The developer Rare has created some of the best video-games I've played in my life. Their work litters my childhood memories on the SNES and more recent console generations as well. Yet claiming that the company is anywhere near as ambitious as they once were is a lie. Regardless of how much their games sell, I can't imagine they will survive much longer even with Microsoft's complete ownership.
Rare's most relevant history took place in 2002 and 2007. Microsoft purchased the British-based studio completely in 2002, then five years later the Stamper brothers left to pursue other interests. Recent games made prior to the original creators departure included some personal favorites of mine: Conker: Live & Reloaded and Viva Piñata. Likewise I have a deep hatred for Perfect Dark Zero and consider Kameo: Elements of Power to be generally boring.
The true spiral into lousiness seems to have taken full effect around the releases of Jetpac Refuelled and Viva Piñata: Trouble in Paradise. This glorified update to Viva Piñata is jam-packed with content, and many consider it to be the superior version. Yet as a technical sequel it was a gigantic disappointment when compared to the shock and awe factor the original game presented gamers which who were too quick to judge. Net even today there are no signs we will be getting a legitimate followup. Jetpac Refuelled's name speaks for itself; can anyone even remember it?
Last year's Kinect Sports signifies both Rare's new motion-based priority and long-time fans losing faith completely. They've expressed several times that the long rumored Killer Instinct 3 simply will not happen, and even an HD remastering of the first two games seems to be out of the question. Though not very true to the original series, Banjo-Kazooie: Nuts & Bolts was brilliant on many levels and I wonder why they are being limited to entertaining the casual crowd. N&B proved they still have some talent left within the studio, now seemingly being completely wasted.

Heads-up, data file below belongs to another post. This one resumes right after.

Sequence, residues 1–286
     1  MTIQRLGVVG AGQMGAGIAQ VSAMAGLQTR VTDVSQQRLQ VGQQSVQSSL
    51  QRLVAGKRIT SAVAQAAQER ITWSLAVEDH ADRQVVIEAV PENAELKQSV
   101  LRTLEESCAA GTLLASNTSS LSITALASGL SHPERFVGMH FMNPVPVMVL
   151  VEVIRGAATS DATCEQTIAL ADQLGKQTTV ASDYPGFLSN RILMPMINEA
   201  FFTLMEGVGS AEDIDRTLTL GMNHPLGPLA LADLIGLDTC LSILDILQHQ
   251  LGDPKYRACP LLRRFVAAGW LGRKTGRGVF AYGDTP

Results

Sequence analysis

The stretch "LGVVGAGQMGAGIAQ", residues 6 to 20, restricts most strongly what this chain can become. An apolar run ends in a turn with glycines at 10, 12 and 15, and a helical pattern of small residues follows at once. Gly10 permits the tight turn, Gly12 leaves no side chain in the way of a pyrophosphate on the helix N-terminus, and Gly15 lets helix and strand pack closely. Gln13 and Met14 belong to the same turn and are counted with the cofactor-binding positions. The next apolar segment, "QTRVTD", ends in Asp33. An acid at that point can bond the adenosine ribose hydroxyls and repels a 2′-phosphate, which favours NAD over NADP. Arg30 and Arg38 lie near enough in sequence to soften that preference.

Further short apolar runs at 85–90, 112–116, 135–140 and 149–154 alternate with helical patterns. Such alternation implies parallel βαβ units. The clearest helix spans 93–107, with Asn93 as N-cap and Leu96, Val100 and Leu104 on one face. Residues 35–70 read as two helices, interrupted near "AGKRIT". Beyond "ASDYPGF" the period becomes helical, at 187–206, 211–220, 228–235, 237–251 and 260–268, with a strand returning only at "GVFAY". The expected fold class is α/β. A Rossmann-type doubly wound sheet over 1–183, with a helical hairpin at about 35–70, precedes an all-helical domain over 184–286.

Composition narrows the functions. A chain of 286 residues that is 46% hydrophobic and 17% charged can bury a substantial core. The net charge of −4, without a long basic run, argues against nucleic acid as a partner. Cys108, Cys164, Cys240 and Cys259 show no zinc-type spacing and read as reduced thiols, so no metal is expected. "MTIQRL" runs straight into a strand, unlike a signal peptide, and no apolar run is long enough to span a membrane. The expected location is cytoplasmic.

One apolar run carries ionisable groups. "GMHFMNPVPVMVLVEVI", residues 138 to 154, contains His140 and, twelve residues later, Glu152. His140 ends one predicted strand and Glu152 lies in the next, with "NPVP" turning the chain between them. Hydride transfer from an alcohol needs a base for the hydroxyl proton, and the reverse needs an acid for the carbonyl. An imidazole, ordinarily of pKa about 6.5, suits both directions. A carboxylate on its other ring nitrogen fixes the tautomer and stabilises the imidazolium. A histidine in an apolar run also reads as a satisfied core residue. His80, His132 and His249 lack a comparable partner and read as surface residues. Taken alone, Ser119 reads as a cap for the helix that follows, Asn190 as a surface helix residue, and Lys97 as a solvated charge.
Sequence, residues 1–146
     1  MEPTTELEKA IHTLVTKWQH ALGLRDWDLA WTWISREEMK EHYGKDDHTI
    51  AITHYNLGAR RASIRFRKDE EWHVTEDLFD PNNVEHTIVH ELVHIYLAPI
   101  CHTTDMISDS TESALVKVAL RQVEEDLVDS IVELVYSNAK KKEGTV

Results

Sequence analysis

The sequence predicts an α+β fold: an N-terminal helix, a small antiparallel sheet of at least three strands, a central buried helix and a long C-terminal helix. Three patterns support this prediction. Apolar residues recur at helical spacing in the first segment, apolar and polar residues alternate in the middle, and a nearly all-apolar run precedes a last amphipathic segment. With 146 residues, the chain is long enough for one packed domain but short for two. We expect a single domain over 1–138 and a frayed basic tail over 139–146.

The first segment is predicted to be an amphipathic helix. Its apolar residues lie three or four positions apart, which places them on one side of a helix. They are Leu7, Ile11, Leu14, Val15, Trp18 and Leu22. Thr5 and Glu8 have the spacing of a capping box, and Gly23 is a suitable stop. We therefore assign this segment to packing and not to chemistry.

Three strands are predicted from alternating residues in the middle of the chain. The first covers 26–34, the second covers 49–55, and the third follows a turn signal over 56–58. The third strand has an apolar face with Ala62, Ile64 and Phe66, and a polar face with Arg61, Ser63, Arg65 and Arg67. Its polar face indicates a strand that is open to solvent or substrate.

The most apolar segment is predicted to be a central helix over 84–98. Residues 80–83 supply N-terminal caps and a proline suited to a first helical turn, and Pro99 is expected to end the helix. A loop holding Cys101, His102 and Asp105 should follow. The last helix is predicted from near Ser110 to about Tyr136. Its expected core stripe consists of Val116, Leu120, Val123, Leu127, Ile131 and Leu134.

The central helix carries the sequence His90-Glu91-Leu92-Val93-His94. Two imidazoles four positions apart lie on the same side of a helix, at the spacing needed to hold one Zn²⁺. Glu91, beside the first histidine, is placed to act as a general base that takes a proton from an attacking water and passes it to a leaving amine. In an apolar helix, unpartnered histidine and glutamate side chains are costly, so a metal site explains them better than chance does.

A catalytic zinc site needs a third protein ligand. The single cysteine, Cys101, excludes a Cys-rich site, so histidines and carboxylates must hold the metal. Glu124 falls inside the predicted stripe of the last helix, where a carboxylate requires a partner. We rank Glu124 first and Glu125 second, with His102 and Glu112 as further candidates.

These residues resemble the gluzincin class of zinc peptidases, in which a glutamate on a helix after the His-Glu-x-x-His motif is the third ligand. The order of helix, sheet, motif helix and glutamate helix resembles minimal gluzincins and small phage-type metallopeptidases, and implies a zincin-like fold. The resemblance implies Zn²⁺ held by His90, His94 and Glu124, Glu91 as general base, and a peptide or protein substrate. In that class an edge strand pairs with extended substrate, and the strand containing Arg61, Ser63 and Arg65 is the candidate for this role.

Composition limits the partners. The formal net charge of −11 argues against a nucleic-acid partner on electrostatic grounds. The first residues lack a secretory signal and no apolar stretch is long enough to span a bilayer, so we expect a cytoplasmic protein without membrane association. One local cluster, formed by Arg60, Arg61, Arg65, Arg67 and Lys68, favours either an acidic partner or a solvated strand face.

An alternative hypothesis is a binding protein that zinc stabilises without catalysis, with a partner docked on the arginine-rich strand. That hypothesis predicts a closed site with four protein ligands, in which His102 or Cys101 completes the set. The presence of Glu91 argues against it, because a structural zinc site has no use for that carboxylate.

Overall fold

Granted the Rare of 2011 is not comprised of the same members that it originally held. Original members left periodically as time went on, a handful of them forming Free Radical Design (TimeSplitters) which was later consumed by Crytek. Microsoft also moved the studio in late 2010, pushing the focus towards motion games.
It may not have been entirely true in the past, but Microsoft's ownership seems to be much of the reasoning behind their lack of inspiration. It's like colonization: you can take over a group of people and tell them what to do and how to act, but they still have unique minds and thoughts working all at once. Maybe I'm wrong. Maybe Rare prefers working on XBLA ports and motion games- and has no recollection of the nearly perfect Donkey Kong Country series. But regardless of team members, ownership and location we can all agree that Rare has fallen to a sad degree. A shell of their former company, it's depressing watching them fell apart.